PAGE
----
The thyroid, located in the neck area in front of the trachea and behind the larynx, is an important part of the endocrine system. Thyroid function is important for metabolism.
Thyroid Hormone Synthesis
This butterfly-shaped gland is the “T” in the HPA-T Axis. Thyroid hormones are synthesized through this axis and the hypothalamus and pituitary monitor levels in a feedback loop. Here is the process:
- the hypothalamus creates thyroid releasing hormone (TRH) to regulate the pituitary
- the pituitary makes thyroid stimulating hormone (TSH) to regulate the thyroid
- the thyroid creates thyroid hormone T4 and T3, synthesized from iodine and tyrosine
Thyroid and Balancing Metabolism
Like all hormones, thyroid hormone travels through the bloodstream. These hormones affect many body processes, especially metabolism. Thyroid hormone regulates metabolism in each cell of the body.  Optimal thyroid function is like a fire that fuels metabolic function.
Metabolism is the mechanism by which all of the cells in our body get energy. Metabolism includes the breakdown of food/energy sources, using that energy to build all the components our bodies need like proteins and nucleic acids.
Basically, the thyroid controls the fire that burns our food.
Poor Thyroid Health
In some cases, the thyroid does not produce enough thyroid hormone. The once powerful flame has diminished to a flicker. Thyroid function decreases, and thus, the metabolism slows. Slow metabolism can cause many signs and symptoms including:
- poor memory
- weight gain
- sexual dysfunction
- low mood
- hair loss
- cold extremities 
Causes of Low Thyroid Hormone
Low thyroid levels are most commonly caused by iodine deficiency or Hashimoto’s Thyroiditis, an autoimmune condition. 
Irregularities in the pituitary gland can also lead to low thyroid levels. 
Hypothyroidism can be treated, but must first be diagnosed and measured by a blood test to find levels of TSH and/or T4, T3, rT3 and autoantibodies.
Low Thyroid Function Prevention
Most areas of the world practice large-scale public prevention through universal salt iodization, and promoting consumption of iodine-rich foods such as fish. The World Health Organization and the American Thyroid Association also promote iodine recommendations and supplementation in people who are pregnant or breastfeeding, who need 66% more iodine than before pregnancy or breastfeeding. 
Thyroid Statistics, Related Health Issues, and Symptoms
Despite prevention measures, more than 12% of the US population will develop a thyroid condition during their lifetime.
Furthermore, up to 60% of people with thyroid disease are unaware of their condition, perhaps due to the general symptoms that may not be recognized as ow thyroid function.
Undiagnosed thyroid conditions can impact other areas of health, such as:
- weight management
- bone health [3, 4]
…not to mention the persistent symptoms of:
- low mood
- weight gain
Poor thyroid function leads to a slowed metabolism, creating signs and symptoms that can have adverse effects on daily activities, causing even more stress that may further decrease metabolism and imbalance the HPA-T Axis.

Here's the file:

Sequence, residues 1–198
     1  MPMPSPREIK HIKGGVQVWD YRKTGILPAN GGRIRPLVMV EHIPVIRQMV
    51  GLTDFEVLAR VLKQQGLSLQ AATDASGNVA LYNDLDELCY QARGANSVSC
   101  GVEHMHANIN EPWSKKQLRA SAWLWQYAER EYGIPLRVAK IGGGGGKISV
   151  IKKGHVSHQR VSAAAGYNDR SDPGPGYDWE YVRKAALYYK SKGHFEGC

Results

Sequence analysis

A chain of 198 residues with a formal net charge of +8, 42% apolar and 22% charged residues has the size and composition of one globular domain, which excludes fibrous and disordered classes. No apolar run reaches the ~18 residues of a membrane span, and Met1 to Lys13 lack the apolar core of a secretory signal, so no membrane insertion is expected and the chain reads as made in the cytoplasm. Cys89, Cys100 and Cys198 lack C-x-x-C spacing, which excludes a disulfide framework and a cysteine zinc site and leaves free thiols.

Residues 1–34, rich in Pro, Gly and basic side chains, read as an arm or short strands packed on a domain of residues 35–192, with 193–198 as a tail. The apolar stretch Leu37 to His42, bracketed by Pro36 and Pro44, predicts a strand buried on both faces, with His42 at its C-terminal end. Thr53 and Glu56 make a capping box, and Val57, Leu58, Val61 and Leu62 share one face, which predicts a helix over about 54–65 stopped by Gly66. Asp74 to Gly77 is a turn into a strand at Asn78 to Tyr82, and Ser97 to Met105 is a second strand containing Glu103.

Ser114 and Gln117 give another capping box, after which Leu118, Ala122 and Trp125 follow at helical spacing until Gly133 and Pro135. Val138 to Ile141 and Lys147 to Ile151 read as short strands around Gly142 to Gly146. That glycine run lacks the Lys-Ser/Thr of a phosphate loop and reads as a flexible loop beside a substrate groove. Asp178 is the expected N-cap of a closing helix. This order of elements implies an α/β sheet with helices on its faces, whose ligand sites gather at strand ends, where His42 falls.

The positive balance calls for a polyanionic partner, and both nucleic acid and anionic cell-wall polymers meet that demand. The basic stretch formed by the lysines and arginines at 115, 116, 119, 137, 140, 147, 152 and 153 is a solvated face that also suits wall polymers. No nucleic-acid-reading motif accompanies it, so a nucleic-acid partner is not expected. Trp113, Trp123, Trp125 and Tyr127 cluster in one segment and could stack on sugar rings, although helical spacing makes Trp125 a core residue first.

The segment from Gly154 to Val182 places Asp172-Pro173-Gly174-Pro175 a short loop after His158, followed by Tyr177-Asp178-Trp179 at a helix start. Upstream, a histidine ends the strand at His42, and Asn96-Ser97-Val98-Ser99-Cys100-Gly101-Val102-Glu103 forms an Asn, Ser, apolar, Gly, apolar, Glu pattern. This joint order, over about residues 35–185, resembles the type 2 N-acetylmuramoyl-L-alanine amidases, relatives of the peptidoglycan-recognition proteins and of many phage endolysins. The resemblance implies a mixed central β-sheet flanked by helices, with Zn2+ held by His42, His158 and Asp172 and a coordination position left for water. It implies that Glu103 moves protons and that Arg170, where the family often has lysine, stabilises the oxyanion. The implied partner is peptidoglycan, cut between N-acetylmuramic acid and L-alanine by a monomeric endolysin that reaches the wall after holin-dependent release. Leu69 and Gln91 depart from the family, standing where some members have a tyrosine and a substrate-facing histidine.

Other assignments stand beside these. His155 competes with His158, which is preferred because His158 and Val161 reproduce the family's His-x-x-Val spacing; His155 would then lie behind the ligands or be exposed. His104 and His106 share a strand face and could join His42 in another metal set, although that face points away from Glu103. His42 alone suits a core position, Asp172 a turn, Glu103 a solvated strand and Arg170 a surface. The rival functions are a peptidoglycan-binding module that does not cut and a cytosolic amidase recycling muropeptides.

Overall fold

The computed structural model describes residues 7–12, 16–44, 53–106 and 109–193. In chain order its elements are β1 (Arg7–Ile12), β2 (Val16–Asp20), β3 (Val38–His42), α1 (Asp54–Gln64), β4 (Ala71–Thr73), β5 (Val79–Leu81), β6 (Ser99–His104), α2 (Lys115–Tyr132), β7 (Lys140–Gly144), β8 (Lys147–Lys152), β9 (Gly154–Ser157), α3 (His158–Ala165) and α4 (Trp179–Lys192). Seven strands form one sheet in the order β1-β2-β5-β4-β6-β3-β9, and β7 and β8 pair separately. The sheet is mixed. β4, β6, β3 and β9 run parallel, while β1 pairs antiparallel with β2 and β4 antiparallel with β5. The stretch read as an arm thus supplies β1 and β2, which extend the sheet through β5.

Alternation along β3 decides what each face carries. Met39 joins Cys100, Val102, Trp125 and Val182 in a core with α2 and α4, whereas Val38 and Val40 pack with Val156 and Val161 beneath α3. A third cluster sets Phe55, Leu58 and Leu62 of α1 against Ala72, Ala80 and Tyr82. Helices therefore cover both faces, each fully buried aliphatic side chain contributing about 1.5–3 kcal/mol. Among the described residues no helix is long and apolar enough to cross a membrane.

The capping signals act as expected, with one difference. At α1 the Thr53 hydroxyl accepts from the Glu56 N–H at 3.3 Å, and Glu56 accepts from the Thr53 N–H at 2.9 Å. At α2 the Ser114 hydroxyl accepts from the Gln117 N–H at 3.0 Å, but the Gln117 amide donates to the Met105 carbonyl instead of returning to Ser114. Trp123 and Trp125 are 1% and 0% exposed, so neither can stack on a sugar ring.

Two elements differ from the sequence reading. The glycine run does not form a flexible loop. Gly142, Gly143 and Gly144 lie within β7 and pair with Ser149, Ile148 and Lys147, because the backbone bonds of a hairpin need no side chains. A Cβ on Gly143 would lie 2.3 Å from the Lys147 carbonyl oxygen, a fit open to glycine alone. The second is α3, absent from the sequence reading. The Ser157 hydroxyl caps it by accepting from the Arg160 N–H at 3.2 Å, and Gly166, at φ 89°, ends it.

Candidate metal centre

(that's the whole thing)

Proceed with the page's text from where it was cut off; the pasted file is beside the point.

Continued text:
For optimal metabolic function, prevention of related conditions, and options for alleviating symptoms, test thyroid function and address any irregularities in the HPA-T Axis so you can keep that fire burning!
- Garber, J. R., Cobin, R. H., Gharib, H., Hennessey, J. V., Klein, I., Mechanick, J. I., … & Woeber for the American Association of Clinical Endocrinologists and American Thyroid Association Taskforce on Hypothyroidism in Adults, K. A. (2012). Clinical practice guidelines for hypothyroidism in adults: cosponsored by the American Association of Clinical Endocrinologists and the American Thyroid Association.Thyroid,22(12), 1200-1235.
- Persani, L. (2012). Central hypothyroidism: pathogenic, diagnostic, and therapeutic challenges.The Journal of Clinical Endocrinology & Metabolism,97(9), 3068-3078.
- Prevalence and Impact of Thyroid Disease. (2016). American Thyroid Association. Retrieved from http://www.thyroid.org/media-main/about-hypothyroidism/
- Sanyal, D., & Raychaudhuri, M. (2016). Hypothyroidism and obesity: An intriguing link.Indian Journal of Endocrinology and Metabolism,20(4), 554.
- Vaitkus, J. A., Farrar, J. S., & Celi, F. S. (2015). Thyroid hormone mediated modulation of energy expenditure.International journal of molecular sciences,16(7), 16158-16175.
- World Health Organization, UNICEF, & International Council for Control of Iodine Deficiency Disorders. (1996). Recommended iodine levels in salt and guidelines for monitoring their adequacy and effectiveness. Geneva: WHO.
- Yu, J., Tian, A. J., Yuan, X., & Cheng, X. X. (2016). Subclinical Hypothyroidism after 131 I-Treatment of Graves’ Disease: A Risk Factor for Depression?. PloS one, 11(5), e0154846.
Clinical Support Specialist at Sanesco International, Inc.
Emily Harrill is our newest Clinical Support Specialist, and a graduate of UNC Asheville with a Bachelor of Science in Health and Wellness Promotion. Improving quality of life for others is her ultimate goal. She enjoys being a part of the team at Sanesco, exploring wellness through the HPA-T Axis and encouraging others to use holistic, integrative means to achieve balanced health. She loves participating in challenging, empowering, and fun activities – especially Olympic weightlifting and belly dance.